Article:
There were some great moments in all of your presentations when the candidates or their campaign staffs were described as agents of change. This brings the history alive and it forces the reader to think through the specific details of change along with you. For example, Anton’s description of Harper Reed. He serves as an example of a person who made very consequential decisions for the campaigns’ implementation of social media. Anton also did a nice job explaining how the use of Dashboard–a very specific change–had broad consequences. Another example is when Eli pointed out that Obama “made it a strategy” to connect via fifteen networks. This specificity makes it very clear that you understand, better than most, how and why the situation changed.

Be careful with sourcing. All images, charts, graphs, etc. should have a link to the original source as well as a caption specifying the source. Bibliographic information such as that listed at https://blogs.baruch.cuny.edu/netpolitics/2012/12/12/sources-2/ and https://blogs.baruch.cuny.edu/netpolitics/2012/12/01/sources/ in a string of links need to be fleshed out. As we discussed in class, we are flexible on the style, but the author, date, and basic public information need to be included. They should also include captions that give the reader a sense of how you interpret the meaning of the visual source.

Some design considerations that you might address in your paper: How could the right sidebar be adjusted to offer alternative access points to your data? Do you want viewers to have such alternatives, or do you want them to navigate in a linear path? If you decided on a linear trajectory, is it safe to assume readers will move from left to right across the top menus, or does this need to be more rigidly structured? Finally, along other lines, do you want comments on your home page? These can be turned off.

Finally: very nice job across the board employing data mining to recognize word patterns and displaying them via Wordle and Voyant.

Luke and Tom


Dear Instigators:

It’s clear you’ve done a lot of thinking, compiled a significant amount of sources, and have done an effective job of going to school on the debates in the elections you’ve selected. You also — in your presentation, and in our discussions inside and outside of class — have done a fine job articulating how we can understand the role of the debates in the elections you’ve examined. The notion of “momentum” is key to this.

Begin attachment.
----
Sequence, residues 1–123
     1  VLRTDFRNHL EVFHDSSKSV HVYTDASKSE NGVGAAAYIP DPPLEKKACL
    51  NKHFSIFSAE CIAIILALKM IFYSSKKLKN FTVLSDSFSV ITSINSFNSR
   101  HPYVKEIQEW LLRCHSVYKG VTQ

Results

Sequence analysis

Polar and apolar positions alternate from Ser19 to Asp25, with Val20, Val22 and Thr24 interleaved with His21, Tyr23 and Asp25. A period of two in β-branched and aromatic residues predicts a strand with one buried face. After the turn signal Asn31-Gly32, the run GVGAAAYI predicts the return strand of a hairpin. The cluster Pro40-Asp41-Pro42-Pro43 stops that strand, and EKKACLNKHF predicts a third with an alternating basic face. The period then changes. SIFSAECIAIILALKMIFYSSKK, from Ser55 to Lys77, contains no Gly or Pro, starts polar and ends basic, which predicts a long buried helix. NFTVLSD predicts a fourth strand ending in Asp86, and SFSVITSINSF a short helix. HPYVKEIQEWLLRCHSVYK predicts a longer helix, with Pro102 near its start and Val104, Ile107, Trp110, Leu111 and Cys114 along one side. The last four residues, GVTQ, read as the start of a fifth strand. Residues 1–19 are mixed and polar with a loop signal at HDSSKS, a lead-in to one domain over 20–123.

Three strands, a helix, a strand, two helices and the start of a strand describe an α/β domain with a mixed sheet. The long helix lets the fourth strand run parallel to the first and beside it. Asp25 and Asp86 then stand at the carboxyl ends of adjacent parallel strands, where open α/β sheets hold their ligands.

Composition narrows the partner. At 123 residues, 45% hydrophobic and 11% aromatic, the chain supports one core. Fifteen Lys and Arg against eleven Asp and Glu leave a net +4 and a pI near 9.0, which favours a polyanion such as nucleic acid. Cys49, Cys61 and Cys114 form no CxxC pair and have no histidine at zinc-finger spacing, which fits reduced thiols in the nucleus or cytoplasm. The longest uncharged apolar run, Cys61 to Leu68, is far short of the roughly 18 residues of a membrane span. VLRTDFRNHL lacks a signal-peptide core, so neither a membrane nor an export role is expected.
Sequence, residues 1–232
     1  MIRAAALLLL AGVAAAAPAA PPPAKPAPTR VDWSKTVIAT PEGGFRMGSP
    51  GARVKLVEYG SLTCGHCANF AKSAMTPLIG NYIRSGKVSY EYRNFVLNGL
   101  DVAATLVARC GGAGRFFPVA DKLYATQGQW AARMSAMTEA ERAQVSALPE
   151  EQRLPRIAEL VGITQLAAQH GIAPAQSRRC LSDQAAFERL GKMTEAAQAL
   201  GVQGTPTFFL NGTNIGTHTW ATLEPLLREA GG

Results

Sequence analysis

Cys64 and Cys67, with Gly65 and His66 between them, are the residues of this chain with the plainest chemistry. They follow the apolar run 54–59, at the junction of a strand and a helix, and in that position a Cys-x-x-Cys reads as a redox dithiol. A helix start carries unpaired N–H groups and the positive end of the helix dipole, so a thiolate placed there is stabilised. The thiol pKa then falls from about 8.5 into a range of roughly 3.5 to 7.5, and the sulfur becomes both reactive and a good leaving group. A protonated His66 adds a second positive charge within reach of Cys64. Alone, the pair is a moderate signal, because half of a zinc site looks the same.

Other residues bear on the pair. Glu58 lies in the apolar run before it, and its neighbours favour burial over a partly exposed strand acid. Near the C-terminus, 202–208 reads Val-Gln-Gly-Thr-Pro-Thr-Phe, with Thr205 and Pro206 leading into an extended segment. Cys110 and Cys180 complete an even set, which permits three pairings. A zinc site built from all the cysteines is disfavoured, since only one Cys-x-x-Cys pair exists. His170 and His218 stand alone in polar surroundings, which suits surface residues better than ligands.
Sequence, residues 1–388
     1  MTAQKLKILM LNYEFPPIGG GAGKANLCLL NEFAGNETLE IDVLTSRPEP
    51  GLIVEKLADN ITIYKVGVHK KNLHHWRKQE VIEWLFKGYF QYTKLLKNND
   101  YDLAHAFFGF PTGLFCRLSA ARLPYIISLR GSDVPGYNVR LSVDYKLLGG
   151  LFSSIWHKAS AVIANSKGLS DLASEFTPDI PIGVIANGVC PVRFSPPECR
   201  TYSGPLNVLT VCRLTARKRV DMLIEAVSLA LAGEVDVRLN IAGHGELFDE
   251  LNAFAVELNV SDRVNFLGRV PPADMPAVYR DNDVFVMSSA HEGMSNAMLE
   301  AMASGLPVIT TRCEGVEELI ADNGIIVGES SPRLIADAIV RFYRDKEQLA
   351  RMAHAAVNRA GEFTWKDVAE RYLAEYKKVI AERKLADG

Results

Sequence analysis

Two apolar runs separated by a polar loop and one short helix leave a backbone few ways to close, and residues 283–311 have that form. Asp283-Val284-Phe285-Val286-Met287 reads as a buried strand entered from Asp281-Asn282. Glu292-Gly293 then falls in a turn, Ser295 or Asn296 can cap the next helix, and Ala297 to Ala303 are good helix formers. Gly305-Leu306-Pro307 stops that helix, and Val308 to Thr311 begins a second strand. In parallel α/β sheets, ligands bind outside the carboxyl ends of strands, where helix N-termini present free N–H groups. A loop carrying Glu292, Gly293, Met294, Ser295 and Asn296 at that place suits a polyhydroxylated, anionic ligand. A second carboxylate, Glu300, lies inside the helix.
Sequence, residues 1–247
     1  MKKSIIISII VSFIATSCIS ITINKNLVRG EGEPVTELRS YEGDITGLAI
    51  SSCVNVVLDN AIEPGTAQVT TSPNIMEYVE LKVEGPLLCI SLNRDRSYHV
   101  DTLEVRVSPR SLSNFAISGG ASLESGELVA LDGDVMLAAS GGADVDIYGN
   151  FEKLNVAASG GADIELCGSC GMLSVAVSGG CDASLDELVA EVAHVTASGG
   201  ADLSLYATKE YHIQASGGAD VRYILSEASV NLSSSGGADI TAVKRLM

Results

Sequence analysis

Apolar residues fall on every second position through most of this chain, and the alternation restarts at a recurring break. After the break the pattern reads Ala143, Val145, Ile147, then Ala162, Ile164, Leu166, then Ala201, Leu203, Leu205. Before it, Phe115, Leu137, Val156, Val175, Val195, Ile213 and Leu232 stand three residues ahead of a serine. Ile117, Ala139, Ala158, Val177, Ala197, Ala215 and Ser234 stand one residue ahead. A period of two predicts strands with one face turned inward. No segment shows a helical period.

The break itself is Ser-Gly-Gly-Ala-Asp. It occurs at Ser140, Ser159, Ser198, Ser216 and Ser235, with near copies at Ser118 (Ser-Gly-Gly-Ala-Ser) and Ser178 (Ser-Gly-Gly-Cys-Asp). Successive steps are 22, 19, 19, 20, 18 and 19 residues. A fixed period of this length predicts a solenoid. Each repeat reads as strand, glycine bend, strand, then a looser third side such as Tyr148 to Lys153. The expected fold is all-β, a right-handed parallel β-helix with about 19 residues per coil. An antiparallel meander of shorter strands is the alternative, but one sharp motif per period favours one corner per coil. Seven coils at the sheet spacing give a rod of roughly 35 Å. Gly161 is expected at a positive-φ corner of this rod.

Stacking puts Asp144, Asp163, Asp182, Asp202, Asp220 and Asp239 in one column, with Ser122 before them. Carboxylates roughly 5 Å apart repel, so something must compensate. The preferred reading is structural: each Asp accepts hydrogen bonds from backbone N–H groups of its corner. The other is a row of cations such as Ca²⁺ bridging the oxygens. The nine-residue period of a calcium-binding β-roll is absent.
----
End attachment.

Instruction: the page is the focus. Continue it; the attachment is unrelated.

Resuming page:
Your site does not, however, do as effective a job as it might in making your case. It frankly looks like you guys ran out of time, which is understandable. But there are a few steps we feel you should take before moving on from this project. The best strategy for accomplishing this would be to work on how your argument is framed. Your site would benefit from an introduction and a conclusion, and would also benefit from referring to your overall argument about momentum throughout the site. Without already knowing this was your argument, it would be hard for us to discern it from the current state of your site.

You guys could also do a better job of contextualizing your data and sources, and also reading them with and against each other. The 1960 section presents an advertisement, but just kind of floats it out there. What does this ad mean, in relationship to the debates? Additionally for 1960, more data on the first debate — which Jordan notes is the most influential — would go a long way to making that case. This part of your argument is not clear until the end of that section. What other data do you have on this debate? More polls? Qualitative sources? Research into the campaign strategy following the debate?

For 1960, the integration of photos — the black and white against the black and white WordPress theme — looks fantastic. A good aesthetic choice.

For 1992, you could use more contextualization of the polling data for the first debate — it’s just kind of put out there. You could also use some data to make your point about the status of the candidates going into that debate. You also note: “Polls revealed that Perot had won the first debate and Bush was struggling.” What polls are you referring to? You mention Clinton took part in an “electronic town hall” before the debates. What is that? This is symptomatic of your larger tendency to miss potential connections between sources– those connections form the fibers of your argument, they pull everything together.

Love the screenshots of the iconic moments, but those need to be described for the reader. Tell us about them. Interpret them.

In the “synthesis” section, you say the debate was “full of name calling”… but where is that in the body of your presentation? Where’s your evidence? Where is the relationship to “momentum” in this section?